Persians and the oldest Refrigerators of mankind

Persians and the oldest Refrigerators of mankind

In the year of 400 BC, Persian engineers had mastered the technique of keeping ice in the summer in the desert. In the winter, the Persians brought ice from the nearby mountains.

The ice was stored in wells created in the middle of the desert. These ice wells, known as yakhchal, are some of the oldest refrigerators of humanity.

The snuff was also used to keep cold food without altering during hot meals. These structures look like large circular domes made of clay bricks. Some of them reached the height of 18 meters.

Underneath the house is a large underground space with a storage area. The underground area had a volume of about 500 cubic meters.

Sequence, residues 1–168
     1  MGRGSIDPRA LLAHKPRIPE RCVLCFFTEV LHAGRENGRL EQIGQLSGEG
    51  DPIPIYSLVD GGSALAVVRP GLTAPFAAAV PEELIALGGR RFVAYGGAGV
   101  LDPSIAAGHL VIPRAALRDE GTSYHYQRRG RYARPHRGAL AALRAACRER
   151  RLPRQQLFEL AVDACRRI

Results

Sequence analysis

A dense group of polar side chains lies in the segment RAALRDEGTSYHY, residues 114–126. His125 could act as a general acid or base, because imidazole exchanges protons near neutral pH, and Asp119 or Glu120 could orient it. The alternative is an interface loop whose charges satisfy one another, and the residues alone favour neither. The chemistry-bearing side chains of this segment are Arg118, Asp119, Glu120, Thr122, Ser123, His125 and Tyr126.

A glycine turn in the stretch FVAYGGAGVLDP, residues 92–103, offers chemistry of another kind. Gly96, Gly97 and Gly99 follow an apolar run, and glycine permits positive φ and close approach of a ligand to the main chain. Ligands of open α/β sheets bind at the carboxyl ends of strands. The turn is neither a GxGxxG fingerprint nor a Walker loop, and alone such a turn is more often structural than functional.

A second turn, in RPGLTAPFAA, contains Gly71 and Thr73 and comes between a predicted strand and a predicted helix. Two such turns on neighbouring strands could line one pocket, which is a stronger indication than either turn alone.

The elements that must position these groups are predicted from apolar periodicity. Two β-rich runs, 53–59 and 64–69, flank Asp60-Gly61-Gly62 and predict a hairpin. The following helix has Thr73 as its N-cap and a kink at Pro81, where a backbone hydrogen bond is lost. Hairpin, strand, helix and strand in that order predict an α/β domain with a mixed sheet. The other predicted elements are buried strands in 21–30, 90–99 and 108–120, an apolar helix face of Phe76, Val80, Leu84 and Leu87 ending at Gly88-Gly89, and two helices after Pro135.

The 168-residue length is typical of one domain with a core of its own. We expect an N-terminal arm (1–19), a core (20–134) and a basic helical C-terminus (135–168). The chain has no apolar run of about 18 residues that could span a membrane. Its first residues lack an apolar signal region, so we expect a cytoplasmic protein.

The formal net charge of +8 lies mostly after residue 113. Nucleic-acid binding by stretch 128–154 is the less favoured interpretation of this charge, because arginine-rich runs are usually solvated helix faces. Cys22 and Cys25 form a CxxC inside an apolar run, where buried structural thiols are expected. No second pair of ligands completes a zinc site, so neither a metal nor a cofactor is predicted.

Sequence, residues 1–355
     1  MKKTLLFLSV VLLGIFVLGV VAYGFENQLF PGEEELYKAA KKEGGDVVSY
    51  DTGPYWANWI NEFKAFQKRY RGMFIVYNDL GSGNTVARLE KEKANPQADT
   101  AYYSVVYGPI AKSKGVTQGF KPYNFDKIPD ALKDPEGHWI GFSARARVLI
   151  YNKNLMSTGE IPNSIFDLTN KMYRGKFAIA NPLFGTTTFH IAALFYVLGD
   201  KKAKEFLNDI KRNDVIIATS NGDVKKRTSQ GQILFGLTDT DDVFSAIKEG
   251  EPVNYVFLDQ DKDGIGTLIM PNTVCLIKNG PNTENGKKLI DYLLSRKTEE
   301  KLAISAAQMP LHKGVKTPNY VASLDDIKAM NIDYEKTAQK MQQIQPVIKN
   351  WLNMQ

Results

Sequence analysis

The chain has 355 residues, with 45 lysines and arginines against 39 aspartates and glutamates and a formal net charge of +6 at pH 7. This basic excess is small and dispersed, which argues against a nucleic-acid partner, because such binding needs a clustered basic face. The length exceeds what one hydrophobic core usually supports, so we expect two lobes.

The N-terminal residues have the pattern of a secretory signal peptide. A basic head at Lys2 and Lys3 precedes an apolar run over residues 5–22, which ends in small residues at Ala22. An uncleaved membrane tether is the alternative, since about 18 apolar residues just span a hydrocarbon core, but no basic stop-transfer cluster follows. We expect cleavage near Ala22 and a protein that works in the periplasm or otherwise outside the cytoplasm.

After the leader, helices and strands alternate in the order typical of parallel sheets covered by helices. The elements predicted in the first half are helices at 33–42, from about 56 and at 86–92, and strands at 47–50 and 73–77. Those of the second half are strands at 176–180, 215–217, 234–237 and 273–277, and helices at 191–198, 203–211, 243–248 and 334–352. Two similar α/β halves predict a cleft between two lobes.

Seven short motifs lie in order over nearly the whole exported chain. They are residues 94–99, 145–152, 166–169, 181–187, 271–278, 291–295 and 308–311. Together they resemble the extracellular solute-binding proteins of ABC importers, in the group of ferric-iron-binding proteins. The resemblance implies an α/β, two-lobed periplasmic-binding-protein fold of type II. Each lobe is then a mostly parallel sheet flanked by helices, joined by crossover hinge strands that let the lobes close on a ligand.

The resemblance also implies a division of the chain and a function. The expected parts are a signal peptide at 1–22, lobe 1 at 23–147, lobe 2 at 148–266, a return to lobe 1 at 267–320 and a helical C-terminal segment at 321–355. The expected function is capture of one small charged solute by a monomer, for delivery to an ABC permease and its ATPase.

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The dome was connected to a "qanat", that is, a ventilation system that had the ability to lower the temperature to the freezing point during the summer.

In some cases, the walls of the dome were two meters thick. Moreover, they were made of a special mortar, sand, clay, egg whites, lime, goat hair and ash, all mixed in the right proportions.

The walls were resistant to the heat transfer. Thus, the interior remained cold. Also, the walls were impenetrable, which meant that ice and food could be safely stored.

Still, what happened when the ice began to melt? For such circumstances, the structure was provided with a trench, so that the water resulting from ice melting was captured and frozen again during cold deserts in the desert.

The whole structure was well thought out, despite the fact that it belonged to Antiquity.

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